Mon 29th of October 2012, filed under Internet News
Google crisis map charts Hurricane Sandy progress
As New York prepares for the arrival of Hurricane Sandy, Google has launched a special crisis map which will help residents keep an eye on its progress.
Users will be able to track the location of the hurricane and immediately see where the worst hit areas are. This will also reveal when they should expect to be affected by the storm.
Google's map can also be used to direct New Yorkers to the nearest evacuation centre or shelter, and will continue to provide up-to-the-minute information as Sandy passes through.
Posting on the company's official blog, software engineer Ka-Ping Yee said: "We hope that you get the information you need to make preparations and stay safe if you are in the area," adding that the hurricane is predicted to be one of the worst storms the US East Coast has experienced in decades.
The search engine has also been forced to cancel a planned unveiling of its Nexus 4 smartphone and an updated version of the Jelly Bean operating system, as the planned presentation site now falls within a designated evacuation area.
Online news also made available for free
Two of the city's largest publications, the New York Times and the Wall Street Journal, are both set to removed the paywalls from their sites to allow residents greater access to news about Hurricane Sandy.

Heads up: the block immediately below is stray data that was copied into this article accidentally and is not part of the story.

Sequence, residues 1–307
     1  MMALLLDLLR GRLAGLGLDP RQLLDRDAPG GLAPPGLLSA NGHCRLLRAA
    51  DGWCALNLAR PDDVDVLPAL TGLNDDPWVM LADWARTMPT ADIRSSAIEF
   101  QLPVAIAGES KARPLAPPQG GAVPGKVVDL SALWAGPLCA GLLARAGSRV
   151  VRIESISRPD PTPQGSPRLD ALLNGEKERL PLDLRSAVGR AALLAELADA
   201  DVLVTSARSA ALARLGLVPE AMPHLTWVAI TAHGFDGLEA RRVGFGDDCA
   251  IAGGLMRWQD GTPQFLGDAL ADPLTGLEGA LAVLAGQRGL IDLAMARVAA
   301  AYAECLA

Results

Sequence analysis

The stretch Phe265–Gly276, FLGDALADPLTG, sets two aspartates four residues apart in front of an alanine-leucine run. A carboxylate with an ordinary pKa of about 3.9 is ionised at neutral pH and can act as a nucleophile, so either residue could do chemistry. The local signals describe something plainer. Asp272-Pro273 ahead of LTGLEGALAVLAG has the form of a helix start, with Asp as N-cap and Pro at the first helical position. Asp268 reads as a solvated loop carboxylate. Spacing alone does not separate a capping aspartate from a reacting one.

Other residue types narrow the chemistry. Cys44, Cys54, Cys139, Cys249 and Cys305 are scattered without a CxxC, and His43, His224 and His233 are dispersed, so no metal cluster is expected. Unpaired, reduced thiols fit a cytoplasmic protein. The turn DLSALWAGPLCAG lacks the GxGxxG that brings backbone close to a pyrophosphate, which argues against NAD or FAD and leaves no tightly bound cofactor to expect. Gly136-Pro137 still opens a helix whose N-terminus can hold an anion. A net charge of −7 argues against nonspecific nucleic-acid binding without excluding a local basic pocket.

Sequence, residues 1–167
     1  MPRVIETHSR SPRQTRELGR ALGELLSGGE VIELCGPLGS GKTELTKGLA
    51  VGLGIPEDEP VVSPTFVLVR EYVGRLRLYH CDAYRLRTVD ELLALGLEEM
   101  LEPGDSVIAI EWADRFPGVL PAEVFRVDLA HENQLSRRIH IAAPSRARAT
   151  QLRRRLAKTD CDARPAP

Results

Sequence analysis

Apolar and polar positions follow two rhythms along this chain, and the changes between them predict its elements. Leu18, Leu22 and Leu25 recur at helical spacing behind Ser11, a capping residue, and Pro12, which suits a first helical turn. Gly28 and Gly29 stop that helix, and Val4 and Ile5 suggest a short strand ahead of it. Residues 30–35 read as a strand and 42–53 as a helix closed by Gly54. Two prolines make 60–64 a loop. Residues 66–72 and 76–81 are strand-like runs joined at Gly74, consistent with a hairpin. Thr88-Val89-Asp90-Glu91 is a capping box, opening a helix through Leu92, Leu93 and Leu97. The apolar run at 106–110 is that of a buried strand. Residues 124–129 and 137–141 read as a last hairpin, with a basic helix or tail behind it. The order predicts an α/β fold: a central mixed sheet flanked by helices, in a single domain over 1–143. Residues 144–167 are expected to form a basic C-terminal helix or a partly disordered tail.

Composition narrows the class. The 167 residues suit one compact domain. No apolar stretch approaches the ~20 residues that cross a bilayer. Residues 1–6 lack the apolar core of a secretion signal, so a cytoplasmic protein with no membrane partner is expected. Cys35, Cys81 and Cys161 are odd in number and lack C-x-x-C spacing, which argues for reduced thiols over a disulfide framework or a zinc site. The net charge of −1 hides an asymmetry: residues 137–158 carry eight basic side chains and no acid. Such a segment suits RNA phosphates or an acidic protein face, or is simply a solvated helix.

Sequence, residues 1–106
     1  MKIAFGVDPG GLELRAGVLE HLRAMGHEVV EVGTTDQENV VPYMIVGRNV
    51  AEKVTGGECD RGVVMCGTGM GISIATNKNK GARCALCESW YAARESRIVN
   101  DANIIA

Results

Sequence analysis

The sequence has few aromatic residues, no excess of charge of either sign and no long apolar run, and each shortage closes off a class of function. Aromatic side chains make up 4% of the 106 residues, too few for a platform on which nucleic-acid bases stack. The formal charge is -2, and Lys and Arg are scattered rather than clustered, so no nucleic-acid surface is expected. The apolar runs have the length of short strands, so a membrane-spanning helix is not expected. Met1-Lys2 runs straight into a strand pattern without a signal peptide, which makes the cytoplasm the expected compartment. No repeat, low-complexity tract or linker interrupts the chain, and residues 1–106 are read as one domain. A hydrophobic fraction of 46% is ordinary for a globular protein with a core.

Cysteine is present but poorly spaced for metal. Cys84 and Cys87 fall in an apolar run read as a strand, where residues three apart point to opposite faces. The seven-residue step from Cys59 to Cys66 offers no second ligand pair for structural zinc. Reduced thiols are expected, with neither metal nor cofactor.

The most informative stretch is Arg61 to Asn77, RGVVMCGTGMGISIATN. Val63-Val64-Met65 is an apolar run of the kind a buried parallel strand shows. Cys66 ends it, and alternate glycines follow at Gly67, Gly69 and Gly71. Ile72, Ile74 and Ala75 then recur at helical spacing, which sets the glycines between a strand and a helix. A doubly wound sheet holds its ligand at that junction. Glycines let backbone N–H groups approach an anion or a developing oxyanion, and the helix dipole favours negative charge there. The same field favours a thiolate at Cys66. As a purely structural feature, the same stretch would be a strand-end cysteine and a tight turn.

Normally, users would need to pay to access articles, but in special cases the paywalls are removed when people's safety is at stake. For example, a similar gesture was made during Hurricane Irene.
Social media is also proving a rich source for those seeking as much information as they can about the impending weather.
Before Hurricane Sandy arrived, the biggest news item had been the presidential campaigning from President Barack Obama and his challenger Mitt Romney, but this is now on hold as the country prepares to deal with the storm.
Adrian Mursec, senior developer at theEword, said: "While the newspapers have shown simple common sense here, Google has gone a stage further in creating a special tool that New Yorkers can use to keep themselves safe. If it helps people avoid the worst effects of Hurricane Sandy, it will have been worth it."
Posted by James Riches